Okie

1
[ oh-kee ]
/ ˈoʊ ki /

noun Slang: Usually Disparaging and Offensive.

a term used to refer to a migrant farm worker from Oklahoma or nearby states, especially one who moved westward during the Great Depression.
a term used to refer to a native or inhabitant of Oklahoma.

Origin of Okie

1
First recorded in 1930–35; Ok(lahoma) + -ie

Usage note

In historical contexts, Okie is usually used with disparaging intent and perceived as insulting, implying that the migrant worker is homeless, poor, ignorant, and uneducated. But as a nickname for an Oklahoman, Okie is sometimes appropriated as a positive term of self-reference.

Definition for okie (2 of 2)

Okie

2
[ oh-kee ]
/ ˈoʊ ki /
Slang: Disparaging and Offensive.

noun

a contemptuous term used to refer to a native of Okinawa.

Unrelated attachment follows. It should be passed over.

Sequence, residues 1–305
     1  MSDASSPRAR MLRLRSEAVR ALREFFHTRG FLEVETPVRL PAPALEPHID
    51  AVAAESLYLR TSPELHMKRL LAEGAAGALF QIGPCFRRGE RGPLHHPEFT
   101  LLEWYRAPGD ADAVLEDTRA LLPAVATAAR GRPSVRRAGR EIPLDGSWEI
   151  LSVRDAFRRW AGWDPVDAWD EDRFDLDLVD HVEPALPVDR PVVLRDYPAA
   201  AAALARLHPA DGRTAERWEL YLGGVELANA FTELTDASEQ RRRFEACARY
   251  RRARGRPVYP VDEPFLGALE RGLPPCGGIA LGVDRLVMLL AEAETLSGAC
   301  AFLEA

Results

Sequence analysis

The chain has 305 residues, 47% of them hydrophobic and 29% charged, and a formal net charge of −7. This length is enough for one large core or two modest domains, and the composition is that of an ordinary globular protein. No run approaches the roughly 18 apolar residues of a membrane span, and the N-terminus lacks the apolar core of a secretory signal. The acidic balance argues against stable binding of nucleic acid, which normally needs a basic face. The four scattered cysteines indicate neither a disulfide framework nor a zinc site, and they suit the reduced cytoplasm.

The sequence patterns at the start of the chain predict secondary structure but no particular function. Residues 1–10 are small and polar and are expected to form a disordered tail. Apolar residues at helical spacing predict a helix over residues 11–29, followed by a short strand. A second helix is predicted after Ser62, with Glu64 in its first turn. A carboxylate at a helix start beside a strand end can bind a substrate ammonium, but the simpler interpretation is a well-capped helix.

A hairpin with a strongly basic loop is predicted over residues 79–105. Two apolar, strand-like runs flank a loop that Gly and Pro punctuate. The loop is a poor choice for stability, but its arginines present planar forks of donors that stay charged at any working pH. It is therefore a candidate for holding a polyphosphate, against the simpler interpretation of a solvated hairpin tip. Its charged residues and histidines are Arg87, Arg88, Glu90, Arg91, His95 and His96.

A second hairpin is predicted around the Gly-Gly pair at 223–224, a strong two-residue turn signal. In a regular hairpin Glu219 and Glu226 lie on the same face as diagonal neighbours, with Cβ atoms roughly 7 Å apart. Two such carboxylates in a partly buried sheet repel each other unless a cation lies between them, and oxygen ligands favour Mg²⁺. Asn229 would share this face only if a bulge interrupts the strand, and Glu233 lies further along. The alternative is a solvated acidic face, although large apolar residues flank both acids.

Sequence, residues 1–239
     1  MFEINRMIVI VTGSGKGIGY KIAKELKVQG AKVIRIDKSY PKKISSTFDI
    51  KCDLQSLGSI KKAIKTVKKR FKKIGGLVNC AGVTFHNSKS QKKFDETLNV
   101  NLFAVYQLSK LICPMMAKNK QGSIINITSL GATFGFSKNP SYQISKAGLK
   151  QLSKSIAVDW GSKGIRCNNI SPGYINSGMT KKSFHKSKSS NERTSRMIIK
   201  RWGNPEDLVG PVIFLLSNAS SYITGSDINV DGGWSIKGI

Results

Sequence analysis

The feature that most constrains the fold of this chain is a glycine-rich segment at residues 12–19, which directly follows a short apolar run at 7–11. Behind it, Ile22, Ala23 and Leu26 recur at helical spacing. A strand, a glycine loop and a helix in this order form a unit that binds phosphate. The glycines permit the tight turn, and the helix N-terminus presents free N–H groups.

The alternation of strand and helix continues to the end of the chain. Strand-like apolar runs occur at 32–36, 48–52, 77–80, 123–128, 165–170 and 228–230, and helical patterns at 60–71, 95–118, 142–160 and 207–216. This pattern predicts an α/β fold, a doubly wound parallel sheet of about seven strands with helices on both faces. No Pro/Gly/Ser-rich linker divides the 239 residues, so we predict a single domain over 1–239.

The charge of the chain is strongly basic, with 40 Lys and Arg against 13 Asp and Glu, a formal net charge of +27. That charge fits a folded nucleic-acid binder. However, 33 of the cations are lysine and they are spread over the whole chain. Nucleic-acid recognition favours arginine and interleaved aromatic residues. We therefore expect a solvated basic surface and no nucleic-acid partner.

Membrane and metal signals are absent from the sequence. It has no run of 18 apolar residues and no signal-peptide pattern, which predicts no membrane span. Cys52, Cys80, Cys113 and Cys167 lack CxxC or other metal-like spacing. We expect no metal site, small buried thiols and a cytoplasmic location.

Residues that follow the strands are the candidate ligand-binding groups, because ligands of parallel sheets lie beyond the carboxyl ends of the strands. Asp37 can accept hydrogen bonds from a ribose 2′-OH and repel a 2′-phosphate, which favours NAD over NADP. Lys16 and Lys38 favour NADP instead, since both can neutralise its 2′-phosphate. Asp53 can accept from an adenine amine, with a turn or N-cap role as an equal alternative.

adjective

belonging to the Okinawan people.

Origin of Okie

2
First recorded in 1935–40; Ok(inawa) + -ie
Dictionary.com Unabridged Based on the Random House Unabridged Dictionary, © Random House, Inc. 2019

British Dictionary definitions for okie

Okie

/ (ˈəʊkɪ) /

noun US slang, sometimes offensive

an inhabitant of Oklahoma
an impoverished migrant farm worker, esp one who left Oklahoma during the Depression of the 1930s to work elsewhere in the US
Collins English Dictionary - Complete & Unabridged 2012 Digital Edition © William Collins Sons & Co. Ltd. 1979, 1986 © HarperCollins Publishers 1998, 2000, 2003, 2005, 2006, 2007, 2009, 2012

Word Origin and History for okie

Okie


"migrant agricultural worker," especially one driven from farms in Oklahoma during the Dust Bowl, 1938, short for U.S. state of Oklahoma.

"Okie use' ta mean you was from Oklahoma. Now it means you're a dirty son-of-a-bitch." [John Steinbeck, "The Grapes of Wrath," 1939]
Online Etymology Dictionary, © 2010 Douglas Harper